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Noise Pollution in the ACT

Noise pollution in the ACT is regulated by the Environment Protection Act 1997 and the Environment Protection Regulation 2005. These are enforced by the Environment Protection Authority (‘EPA’).

The Act and regulations are supplemented by the Environment Protection Policies (‘EPPs’) which provide guidance to the EPA in making decisions (section 61(c) of the Environment Protection Act 1997). There are three EPPS which deal with noise;

When is noise environmental harm?

Noise is considered to cause ‘environmental harm’ if it exceeds certain limits set out in the regulations (section 5(a) of the Environment Protection Act 1997 and also section 25(1) of the Environment Protection Regulation 2005). The limit depends on what time the noise is being made and where it is. Certain specified activities (‘Class A’ activities) require environmental authorisation (section 42 of the Environment Protection Act 1997, schedule 1) which allows noise within the terms of the authorisation (section 28 of the Environment Protection Regulation 2005). It is also an offence to cause noise disturbances that cause an unreasonable interference with someone’s enjoyment of a place or area (Section 141 of the Environment Protection Act 1997).

What noises are not covered by the Environment Protection Act?
  • Cars on the road: Complaints about noisy motor vehicles should be made to Access Canberra. For information about Summernats, please refer to the following factsheet.
  • Animals: Noise distirbances from dogs, such as excessive barking, are regulated under the Domestic Animals Act 2000.
  • Aeroplanes: Aircraft noise must meet the noise standards specified in the Air Navigation (Aircraft Noise) Regulations 2018 (Cth). Concernes about aircraft noise are lodged with Air Services Australia.
  • Noise from people where it is only the persons body. For example shouting or singing. Complaints about noise made by people can be made to the police.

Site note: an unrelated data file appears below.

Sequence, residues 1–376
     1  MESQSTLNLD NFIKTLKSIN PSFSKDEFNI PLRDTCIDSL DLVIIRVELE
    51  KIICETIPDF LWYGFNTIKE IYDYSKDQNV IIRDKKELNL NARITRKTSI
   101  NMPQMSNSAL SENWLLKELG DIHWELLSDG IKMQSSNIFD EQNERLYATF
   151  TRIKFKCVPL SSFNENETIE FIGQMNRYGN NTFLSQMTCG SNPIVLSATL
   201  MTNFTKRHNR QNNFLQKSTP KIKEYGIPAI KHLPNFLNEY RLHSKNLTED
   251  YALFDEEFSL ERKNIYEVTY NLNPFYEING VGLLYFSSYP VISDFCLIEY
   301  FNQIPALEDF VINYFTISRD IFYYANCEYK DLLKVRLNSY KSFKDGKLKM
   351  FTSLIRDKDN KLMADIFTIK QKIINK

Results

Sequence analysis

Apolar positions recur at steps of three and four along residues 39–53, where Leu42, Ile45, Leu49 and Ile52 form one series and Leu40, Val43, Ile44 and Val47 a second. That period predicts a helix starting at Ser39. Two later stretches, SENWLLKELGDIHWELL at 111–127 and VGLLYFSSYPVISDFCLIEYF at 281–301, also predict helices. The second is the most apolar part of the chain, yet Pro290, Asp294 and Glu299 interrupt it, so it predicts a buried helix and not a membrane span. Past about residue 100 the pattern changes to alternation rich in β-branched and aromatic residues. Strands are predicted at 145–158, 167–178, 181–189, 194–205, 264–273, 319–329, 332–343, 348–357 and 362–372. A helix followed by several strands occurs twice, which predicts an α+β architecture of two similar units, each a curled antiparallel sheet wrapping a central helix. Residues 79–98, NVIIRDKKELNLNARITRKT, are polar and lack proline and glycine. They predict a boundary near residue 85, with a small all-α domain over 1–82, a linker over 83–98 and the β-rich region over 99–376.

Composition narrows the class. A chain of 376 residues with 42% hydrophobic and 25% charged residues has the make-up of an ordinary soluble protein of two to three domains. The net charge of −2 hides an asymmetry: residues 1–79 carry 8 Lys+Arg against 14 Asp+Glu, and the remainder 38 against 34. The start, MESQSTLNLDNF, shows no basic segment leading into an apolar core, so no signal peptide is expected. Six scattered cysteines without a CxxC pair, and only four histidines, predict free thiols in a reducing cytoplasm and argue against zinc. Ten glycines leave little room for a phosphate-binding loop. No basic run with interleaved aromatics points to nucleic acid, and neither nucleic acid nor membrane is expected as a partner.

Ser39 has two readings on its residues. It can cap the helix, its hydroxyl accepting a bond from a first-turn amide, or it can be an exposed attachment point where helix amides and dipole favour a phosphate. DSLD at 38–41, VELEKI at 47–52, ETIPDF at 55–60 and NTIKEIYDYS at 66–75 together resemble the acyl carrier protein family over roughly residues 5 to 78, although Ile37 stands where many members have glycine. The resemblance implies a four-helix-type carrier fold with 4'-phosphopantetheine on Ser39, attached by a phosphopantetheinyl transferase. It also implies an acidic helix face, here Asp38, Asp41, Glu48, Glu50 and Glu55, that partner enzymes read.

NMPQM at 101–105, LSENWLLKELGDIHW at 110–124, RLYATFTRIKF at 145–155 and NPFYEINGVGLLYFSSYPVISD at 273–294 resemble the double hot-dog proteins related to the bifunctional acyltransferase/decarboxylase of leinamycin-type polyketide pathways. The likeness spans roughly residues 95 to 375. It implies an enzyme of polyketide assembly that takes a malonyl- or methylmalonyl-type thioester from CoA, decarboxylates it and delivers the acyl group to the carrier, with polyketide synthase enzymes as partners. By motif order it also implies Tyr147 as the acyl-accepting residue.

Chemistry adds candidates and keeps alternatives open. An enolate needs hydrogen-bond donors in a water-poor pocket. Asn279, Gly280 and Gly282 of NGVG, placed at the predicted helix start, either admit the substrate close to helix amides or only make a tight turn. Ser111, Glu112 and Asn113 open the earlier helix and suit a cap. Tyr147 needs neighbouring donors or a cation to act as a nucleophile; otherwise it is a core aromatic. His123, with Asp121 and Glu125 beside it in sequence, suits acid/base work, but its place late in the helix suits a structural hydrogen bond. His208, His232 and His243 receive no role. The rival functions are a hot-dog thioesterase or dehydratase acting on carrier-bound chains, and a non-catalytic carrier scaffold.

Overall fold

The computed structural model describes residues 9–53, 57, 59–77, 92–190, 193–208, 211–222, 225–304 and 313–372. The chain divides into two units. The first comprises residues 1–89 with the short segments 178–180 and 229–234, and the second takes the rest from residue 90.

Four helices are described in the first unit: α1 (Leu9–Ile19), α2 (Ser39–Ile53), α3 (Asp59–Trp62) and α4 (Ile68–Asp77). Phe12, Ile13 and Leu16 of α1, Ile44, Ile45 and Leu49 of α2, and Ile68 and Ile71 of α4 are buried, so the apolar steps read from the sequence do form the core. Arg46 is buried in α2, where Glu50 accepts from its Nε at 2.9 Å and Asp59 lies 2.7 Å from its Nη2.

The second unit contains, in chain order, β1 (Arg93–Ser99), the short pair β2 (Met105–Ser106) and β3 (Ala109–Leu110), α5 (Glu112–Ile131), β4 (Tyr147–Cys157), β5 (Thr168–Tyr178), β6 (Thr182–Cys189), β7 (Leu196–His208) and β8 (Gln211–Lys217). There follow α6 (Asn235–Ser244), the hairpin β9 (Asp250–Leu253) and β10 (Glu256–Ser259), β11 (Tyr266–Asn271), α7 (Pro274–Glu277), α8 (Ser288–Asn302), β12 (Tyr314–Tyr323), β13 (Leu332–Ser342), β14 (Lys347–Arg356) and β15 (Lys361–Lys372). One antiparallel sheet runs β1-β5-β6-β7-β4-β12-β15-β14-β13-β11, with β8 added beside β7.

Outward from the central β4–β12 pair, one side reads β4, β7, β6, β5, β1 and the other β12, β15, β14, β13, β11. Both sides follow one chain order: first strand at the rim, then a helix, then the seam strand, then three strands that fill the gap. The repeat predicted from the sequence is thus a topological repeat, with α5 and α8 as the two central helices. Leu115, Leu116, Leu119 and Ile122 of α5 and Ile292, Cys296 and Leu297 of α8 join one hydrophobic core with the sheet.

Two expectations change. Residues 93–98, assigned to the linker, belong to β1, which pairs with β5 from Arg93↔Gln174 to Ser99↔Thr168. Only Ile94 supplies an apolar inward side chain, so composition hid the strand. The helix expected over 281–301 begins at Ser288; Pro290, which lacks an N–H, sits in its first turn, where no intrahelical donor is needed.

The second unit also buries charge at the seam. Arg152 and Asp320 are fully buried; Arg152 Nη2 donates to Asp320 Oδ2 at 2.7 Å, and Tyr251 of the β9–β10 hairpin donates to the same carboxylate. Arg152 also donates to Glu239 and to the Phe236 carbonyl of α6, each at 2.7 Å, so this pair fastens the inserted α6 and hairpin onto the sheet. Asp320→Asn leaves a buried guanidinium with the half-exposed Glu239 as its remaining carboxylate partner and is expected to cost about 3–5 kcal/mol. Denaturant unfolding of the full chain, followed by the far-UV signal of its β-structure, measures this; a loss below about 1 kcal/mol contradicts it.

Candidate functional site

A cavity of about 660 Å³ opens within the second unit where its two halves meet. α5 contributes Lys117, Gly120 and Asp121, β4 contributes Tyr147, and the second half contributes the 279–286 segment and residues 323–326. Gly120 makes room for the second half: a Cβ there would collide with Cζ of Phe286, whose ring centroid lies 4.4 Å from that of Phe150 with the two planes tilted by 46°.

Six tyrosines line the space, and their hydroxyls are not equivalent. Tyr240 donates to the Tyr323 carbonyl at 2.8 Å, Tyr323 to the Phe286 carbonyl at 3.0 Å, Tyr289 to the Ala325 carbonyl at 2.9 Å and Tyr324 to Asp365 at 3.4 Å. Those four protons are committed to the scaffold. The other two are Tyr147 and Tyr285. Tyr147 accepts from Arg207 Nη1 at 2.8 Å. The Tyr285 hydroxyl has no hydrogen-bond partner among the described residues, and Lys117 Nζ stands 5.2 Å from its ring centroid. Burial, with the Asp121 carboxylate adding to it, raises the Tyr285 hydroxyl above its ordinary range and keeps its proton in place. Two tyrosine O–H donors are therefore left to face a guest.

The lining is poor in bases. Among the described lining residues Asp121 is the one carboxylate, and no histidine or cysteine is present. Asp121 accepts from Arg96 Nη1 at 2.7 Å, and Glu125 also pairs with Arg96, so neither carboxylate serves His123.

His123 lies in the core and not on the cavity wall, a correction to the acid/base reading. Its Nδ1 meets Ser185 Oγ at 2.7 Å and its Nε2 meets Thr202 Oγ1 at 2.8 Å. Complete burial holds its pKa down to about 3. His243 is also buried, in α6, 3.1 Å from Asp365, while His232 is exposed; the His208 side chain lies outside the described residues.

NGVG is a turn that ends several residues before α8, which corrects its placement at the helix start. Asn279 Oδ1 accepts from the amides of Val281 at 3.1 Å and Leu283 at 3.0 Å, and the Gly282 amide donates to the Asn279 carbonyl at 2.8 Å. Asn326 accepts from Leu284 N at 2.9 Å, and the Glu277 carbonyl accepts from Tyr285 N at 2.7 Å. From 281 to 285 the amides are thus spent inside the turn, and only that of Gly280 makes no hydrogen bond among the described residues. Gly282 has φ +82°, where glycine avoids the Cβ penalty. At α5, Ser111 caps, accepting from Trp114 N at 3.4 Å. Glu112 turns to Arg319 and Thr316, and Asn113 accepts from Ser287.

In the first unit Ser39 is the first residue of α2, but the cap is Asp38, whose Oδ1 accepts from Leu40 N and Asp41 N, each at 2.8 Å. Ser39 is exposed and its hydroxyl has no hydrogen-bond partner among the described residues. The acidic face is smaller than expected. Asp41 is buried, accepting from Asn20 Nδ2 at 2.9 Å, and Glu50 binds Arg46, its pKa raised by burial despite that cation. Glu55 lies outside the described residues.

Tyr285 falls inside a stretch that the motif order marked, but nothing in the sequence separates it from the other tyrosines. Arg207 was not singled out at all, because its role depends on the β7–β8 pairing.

What are the Restrictions on Noise?
Zones Daytime (7am-10pm Mondays to Saturdays or 8am-10pm on Sundays and public holidays) Night-time (10pm-7am Mondays to Saturdays or 10pm-8am Sundays and public holidays)
Industrial areas (Zone A) 65dB(A) 55dB(A)
City and town centres (Zone B) 60dB(A) 50dB(A)
Group centres, office areas and the Parliamentary triangle (Zone C) 55dB(A) 45dB(A)
Commercial areas (Zone D) 50dB(A) 35dB(A)
Broadacre and recreation areas (Zone E) 50dB(A) 40dB(A)
Residential and all other areas (Zone G) 45dB(A) 35dB(A)
If the noise is being emitted from a unit (such as a flat or a townhouse) located in a multi-unit complex, the noise standard is 5dBA lower. Noise is generally measured from the boundary of the land from where the noise is coming from (section 32 of the Environment Protection Regulation 2005). The Environment Protection (Noise Measurement Manual) 2009, sets out procedures and instruments for measuring noise (section 29A of the Environment Protection Regulation 2005).

Can these noise levels be exceeded?

There are a number of activities which are allowed to exceed these noise levels, if the given requirements are met. These include activities such as garden maintenance, repair work, New Year’s Eve Parties, warming up motor vehicle engines, and building work in residential, industrial, city and town areas. The details for these activities can be seen here. Where noise complies with the conditions set out for the particular activity there is no limit to the noise level (section 29 of the Environment Protection Regulation 2005).

What happens if noise restrictions are exceeded?

You can try to resolve the problem by talking with the person making the noise or through mediation via the Conflict resolution Service (6162 4050). Otherwise, you can lodge a complaint with the EPA (13 22 81, environment.protection@act.gov.au). A person commits an offence if they make noise louder than the noise standard and can be fined for doing so (section 39 of the Environment Protection Regulation 2005). A person may also take a common law action for nuisance (section 9 of the Environment Protection Act 1997).

For more information please refer to the detailed fact sheet provided by the Environmental Deffenders Office which can be acesse here.

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